The Mets already said it will not be Matt Harvey, but what if that changes? It already changed from him being the home opener starter to working in of the first five games.

With six weeks remaining until Opening Day and the Mets lacking a legitimate ace such as Johan Santana or even a healthy Harvey, simply too much can happen that could change Terry Collins’ mind:

* What if Harvey has a great spring training? Surely he then would get the nod.

* What if Wheeler has a lousy spring training, or worse, is injured?

* What if one of the other starters emerges strong this spring. What then?

The Opening Day starter should be based on two things: 1) experience, and 2) merit. Wheeler, despite showing promise last year and is a cornerstone of the future, doesn’t meet either.

If he’s healthy, it should be Harvey because of his brief window of success and what he means to the franchise. If not, the best choice should be Bartolo Colon.

It is highly improbable he won’t be traded this spring, so it has to be him. He’s best equipped to handle the distractions and pressure, and last year was the Mets’ most accomplished starter winning 15 games and working over 200 innings.

Wheeler is the sexy pick, but for the best results, it should go with Colon.

But, even so, the same rules apply. It is too early and every manager should know not to make a decision until absolutely has to … and Collins has not need to make an announcement now.

ON DECK TODAY: Mets’ Matters: Today’s notebook.

Feb 23

Here’s A Thought Why Mets Won’t Announce Set Plan For Harvey

Unquestionably, the primary focus for the Mets this spring training will be on Matt Harvey. GM Sandy Alderson said there would not be severe restrictions on Harvey, who remains on schedule and is to throw to hitters by the end of the week.

That’s encouraging, but what is puzzling is wondering if the Mets even have a concrete plan for Harvey’s first year following Tommy John surgery. There’s supposed to be an innings cap, but so far there’s no announced number, with Alderson saying he didn’t want this to become an issue over the next eight months.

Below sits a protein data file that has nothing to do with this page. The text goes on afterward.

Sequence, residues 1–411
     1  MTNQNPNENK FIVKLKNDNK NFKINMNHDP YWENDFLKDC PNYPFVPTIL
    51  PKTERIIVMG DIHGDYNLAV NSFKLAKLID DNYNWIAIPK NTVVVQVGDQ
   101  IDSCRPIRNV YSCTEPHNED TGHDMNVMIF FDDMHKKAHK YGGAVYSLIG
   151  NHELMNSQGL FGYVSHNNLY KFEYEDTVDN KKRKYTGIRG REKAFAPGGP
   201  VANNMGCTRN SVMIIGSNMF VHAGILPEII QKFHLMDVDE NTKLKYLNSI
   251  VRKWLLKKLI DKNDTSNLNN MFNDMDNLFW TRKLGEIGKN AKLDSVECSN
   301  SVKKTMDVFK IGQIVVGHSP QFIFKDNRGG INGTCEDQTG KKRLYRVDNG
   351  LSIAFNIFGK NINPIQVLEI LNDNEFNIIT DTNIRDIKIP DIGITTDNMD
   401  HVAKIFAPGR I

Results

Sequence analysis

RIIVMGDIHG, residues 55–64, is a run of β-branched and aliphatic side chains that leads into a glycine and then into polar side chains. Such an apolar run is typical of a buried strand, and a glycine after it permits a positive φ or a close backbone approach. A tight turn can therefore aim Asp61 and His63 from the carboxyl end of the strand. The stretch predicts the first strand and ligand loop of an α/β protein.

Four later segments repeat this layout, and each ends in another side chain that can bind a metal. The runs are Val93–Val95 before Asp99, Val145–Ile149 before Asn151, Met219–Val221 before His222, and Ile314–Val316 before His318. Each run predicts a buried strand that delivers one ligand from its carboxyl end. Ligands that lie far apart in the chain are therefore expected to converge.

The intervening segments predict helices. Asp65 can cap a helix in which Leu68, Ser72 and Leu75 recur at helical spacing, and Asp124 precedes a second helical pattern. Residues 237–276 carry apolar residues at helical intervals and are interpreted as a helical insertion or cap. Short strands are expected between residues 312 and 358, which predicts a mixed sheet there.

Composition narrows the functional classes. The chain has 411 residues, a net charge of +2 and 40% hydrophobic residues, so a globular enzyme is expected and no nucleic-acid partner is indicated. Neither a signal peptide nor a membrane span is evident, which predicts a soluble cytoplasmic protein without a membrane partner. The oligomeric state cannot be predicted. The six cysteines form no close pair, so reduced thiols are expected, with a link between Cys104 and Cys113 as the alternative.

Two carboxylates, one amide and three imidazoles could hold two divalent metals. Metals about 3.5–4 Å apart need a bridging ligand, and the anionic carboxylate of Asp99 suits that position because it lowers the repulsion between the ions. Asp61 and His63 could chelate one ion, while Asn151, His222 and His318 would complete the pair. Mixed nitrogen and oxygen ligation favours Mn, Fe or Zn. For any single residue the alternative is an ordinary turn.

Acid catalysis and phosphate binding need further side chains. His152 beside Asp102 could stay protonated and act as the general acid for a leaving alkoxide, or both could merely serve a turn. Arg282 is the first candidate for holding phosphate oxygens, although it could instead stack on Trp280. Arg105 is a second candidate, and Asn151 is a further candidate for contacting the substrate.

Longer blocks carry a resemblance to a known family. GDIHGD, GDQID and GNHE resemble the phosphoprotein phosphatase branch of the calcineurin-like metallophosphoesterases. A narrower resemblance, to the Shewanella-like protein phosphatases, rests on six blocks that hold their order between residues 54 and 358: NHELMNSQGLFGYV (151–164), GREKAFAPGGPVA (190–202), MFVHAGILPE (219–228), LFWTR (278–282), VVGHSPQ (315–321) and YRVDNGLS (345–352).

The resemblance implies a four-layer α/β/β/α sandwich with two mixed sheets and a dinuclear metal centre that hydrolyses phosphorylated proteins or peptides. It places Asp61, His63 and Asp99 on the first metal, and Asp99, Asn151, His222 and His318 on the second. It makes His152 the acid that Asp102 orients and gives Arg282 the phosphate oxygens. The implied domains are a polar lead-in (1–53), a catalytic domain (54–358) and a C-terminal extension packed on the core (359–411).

HARVEY: Why won't they announce plan? (Getty)

HARVEY: Why won’t they announce plan? (Getty)

Memo to Alderson: Announced number or not, Harvey’s workload will always be an issue. Not knowing drives the media crazy and encourages it to bombard Alderson, Harvey and Terry Collins with the same questions before and after every start.

How can Alderson be that naïve about the New York press to think the issue will go away, especially as the season wears down and there is a prospect of a postseason?

First, it was thought Harvey would not pitch in the six games the Mets have on the road to open the season, but start the home opener. Now, Collins says he’ll start in the season’s first five games. How much do you want to bet he starts Opening Day and the home opener?

Alderson says the Mets have “an idea,’’ of Harvey’s limit, but not a definitive number. Harvey threw out 200, but not 215 or 220.

Alderson said Harvey will start in the postseason, but what does that mean toward the innings total?

Let’s assume the Mets get in as a wild card and run the table. That’s a potential six or seven starts; that’s at least another 40 innings. And, if they are in a race there’s no way they’ll cut him short in a game.

How does that compute? Do the Mets think 170 innings and keep adding on until their season is done? Don’t think for a second if the Mets reach the playoffs they would consider limiting him.

But, all innings count.

The ideal way is to map out a schedule that utilizes skipping one start a month, which is a possible savings of 42 innings, figuring seven innings is the magic number for a start. This can easily be done when scheduled off days are considered. And, it would not impact the rest of the rotation.

Then, Collins can pull Harvey depending on how he’s pitching that day and the tenor of the game. Those are bonus saved innings. I would hope on days Harvey doesn’t have it he’ll have a short leash.

That seems the easiest way, but the Mets won’t commit to this format. Instead, they floated the idea of sometimes earmarking a start for five innings. That’s a terrible idea because what if Harvey is throwing a gem? What if they pull him and the bullpen gives it up? That’s a backlash Collins doesn’t want to face.

This way also puts undue pressure on the team if they think they’ll have Harvey for five innings. A team must go into a game believing the starter will be with them. Plus, you would be putting the bullpen in the situation of working four innings that night. But, what if they were overused in an extra-innings game the night before? What if the next game’s starter is shelled? All of a sudden the bullpen is taxed.

The Mets’ reluctance to carve out a concrete plan for Harvey this year has nothing to do with trying to alleviate a distraction. At least not the one they think.

I believe their caution is they don’t want to risk of aggravating or annoying their temperamental pitcher, who has already in his young career has shown a willingness, if not eagerness, to spar with management.

They don’t want Harvey to become angry and create a different distraction. What they don’t understand it is better to face this now rather than have this become a lingering issue.

And, you know it will.